While WHS and environmental law are well developed, occupation security law is still in its embryonic stage, according to Michael Tooma (2011). Significantly, the law and practice dealing with security and terrorism continue to develop the security landscape at a fast pace. The treatment of security as part of an integrated SSHE risk management approach in integrated management systems is by no means universally accepted (Tooma, 2011). However, there is little doubt that safety duties incorporate security responsibilities.
It is estimated that there have been over 60 terrorist attacks in shopping centres in 21 countries since 1998. Against that background, a shopping centre design, which does not adequately manage the risk of terrorist attack, cannot be said to be safe and free from risk to health and safety within the meaning of the relevant WHS legislation. Indeed, the expansion of the duty of care under the Model WHS Act 2011 accentuates the interrelationship between safety and security (Tooma, 2011). Security obligations have been imposed worldwide on specific industries. For example, maritime, aviation, rail and critical infrastructure in major hazard facilities have obligations under federal, state and territory laws with respect to security management, as do persons dealing with security sensitive dangerous goods and certain security sensitive chemicals. These developments undoubtly assist greatly in terms of the security sell as the law and compliance is become security sales drivers. (Tooma, 2011).
While directors and senior managers will often have directors and officers liability insurance, these insurances do not cover liability in relation to work health and safety offences. This is because these offences are criminal in nature. Any insurance contract that purports to offer such an insurance cover is void against public policy. It is not uncommon for a prosecution to take place after a person has left the company, in which case they may be left to fund their defence from their own resources, sometimes without access to key documents that may assist them in their defence (Tooma, 2012).
Security Selling Tips
- Everyone has a fundamental need for security
- There is only one chance to make a first impression
- Always spell names correctly
- Be courteous, believable and generous
- Never tamper with the truth
- Desire for gain and fear of loss are two reasons customers buy or do not buy
- A significant number of customers have wants rather than needs
- Customers decide emotionally and then justify logically
- Create a buying desire in customers by demonstrating that they can be safer and more secure as a result of owning the product or service
- Customers care about what a product or service will do for them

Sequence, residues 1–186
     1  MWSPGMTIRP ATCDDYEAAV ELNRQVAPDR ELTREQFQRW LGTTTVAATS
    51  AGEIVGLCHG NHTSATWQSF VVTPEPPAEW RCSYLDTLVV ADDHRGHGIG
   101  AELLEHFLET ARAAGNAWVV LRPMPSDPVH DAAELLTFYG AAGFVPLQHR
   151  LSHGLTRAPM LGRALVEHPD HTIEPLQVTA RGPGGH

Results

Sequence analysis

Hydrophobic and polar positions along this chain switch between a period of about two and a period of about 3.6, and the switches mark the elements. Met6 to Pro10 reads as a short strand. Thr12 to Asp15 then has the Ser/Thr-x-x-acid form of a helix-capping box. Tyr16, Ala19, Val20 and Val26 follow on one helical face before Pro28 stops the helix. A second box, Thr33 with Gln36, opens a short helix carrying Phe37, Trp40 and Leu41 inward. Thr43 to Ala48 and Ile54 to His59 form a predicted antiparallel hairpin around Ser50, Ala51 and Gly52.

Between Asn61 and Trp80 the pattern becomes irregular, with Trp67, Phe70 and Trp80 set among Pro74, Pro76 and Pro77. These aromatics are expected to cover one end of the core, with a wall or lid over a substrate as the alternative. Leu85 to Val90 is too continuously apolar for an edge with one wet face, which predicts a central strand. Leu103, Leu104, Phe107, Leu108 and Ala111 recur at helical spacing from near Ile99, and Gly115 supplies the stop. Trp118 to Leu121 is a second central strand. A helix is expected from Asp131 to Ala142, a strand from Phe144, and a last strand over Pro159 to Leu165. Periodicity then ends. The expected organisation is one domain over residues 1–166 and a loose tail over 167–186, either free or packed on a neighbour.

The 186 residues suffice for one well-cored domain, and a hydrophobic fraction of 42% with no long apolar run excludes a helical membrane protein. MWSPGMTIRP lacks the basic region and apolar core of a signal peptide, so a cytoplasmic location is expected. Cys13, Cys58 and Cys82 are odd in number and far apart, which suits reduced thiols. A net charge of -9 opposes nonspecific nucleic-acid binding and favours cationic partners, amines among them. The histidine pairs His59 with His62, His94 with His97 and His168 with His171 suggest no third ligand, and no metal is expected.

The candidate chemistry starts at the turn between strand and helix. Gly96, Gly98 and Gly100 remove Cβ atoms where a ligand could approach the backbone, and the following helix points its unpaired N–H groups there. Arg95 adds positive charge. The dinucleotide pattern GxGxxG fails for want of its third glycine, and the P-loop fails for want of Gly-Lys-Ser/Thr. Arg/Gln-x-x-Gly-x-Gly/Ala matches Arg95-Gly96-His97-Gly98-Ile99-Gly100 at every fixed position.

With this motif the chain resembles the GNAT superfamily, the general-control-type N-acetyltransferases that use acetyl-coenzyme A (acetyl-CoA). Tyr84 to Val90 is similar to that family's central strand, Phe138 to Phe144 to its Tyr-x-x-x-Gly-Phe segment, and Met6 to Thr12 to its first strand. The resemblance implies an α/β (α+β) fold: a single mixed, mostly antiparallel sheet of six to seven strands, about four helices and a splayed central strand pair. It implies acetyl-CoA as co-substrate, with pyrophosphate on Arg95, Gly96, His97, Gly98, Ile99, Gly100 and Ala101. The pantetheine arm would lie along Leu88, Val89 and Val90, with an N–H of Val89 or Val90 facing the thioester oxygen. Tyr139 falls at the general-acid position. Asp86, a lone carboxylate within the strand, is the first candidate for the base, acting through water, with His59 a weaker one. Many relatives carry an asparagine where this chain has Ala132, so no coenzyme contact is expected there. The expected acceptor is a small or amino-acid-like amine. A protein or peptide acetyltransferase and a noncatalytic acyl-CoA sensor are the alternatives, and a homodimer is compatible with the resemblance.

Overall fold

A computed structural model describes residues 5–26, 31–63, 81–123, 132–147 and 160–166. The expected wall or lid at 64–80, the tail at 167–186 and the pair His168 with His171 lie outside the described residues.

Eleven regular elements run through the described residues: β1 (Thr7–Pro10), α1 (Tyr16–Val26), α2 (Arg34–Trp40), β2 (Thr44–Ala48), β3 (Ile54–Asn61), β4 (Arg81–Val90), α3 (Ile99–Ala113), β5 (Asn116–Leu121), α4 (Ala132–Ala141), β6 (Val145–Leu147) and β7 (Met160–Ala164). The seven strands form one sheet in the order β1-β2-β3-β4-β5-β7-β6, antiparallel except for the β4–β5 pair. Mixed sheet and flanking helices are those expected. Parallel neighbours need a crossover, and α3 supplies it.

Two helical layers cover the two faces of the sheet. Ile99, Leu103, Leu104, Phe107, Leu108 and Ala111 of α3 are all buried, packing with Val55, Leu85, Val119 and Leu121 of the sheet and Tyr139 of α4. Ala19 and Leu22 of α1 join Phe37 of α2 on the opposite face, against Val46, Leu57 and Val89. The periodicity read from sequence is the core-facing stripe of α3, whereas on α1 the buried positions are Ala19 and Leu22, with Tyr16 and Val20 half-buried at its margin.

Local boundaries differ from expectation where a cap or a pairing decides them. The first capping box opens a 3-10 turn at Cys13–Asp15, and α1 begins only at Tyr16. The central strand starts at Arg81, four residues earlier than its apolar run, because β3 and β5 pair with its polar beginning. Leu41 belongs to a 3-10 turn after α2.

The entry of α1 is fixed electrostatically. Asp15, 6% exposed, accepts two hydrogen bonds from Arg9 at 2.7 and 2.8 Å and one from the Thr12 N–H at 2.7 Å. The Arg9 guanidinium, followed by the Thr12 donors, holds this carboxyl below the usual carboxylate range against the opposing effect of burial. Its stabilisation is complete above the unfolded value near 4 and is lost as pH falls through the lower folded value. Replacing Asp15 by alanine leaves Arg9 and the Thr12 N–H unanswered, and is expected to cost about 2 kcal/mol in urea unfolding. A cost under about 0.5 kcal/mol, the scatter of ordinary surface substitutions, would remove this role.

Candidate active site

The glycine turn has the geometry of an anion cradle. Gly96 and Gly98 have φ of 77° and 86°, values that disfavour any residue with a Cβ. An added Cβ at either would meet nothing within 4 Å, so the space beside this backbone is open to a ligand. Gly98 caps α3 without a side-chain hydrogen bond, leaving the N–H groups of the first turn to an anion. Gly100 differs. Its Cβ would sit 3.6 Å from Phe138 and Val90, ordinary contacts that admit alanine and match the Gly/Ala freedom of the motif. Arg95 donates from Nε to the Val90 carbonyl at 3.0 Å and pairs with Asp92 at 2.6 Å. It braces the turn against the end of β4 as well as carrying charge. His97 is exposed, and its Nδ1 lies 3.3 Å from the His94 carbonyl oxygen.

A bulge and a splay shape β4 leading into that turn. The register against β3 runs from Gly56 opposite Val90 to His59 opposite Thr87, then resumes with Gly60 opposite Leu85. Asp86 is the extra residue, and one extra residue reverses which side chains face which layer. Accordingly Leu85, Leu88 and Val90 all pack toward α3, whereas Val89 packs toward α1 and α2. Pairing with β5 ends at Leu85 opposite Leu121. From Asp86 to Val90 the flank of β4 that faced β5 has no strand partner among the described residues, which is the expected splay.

- Do not under price products or services
- A customer’s attention can be gained by linking a product or service to making or saving money
- Around 10 to 15 percent of customers may be dissatisfied, but do not say so; those issues can be fixed if they are known
- Address dissatisfaction and indifference
- Customers buy products and services because they feel they will be better off
- Engage in public speaking (builds knowledge, confidence, gains recognition)
According to Charles A. Sennewald, keeping up in the security industry can be accomplished through education; reading journals; association participation; communicating with practitioners, colleagues and peers; and reading books published for the security industry.
Finally, the quality of the security professional depends on following strong moral standards in all relationships and providing a degree of leadership on ethical behaviour. There is a strong connection between ethical behaviour and effective leadership. It is a vital prerequisite in business to adopt the honesty is best policy and building truth-telling cultures, which will have a positive impact on the bottom line.
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Graeme Cunynghame has been employed in the private sector and served in the NSW Police Force – Fraud Squad, Corporate Affairs Commission, Drug Enforcement Agency, National Crime Authority, and NSW Crime Commission. Graeme read Security Science at Edith Cowan University and has diplomas in Security Risk Management, Work Health and Safety and Government Investigation. He is a member of ASIS and ACFE. Graeme welcomes referrals relating to fraud matters, workplace investigations, security risk management concerns and security negligence issues. He can be contacted via email firstname.lastname@example.org or on 0408 787 978. Visit www.pripol.com.au for more information.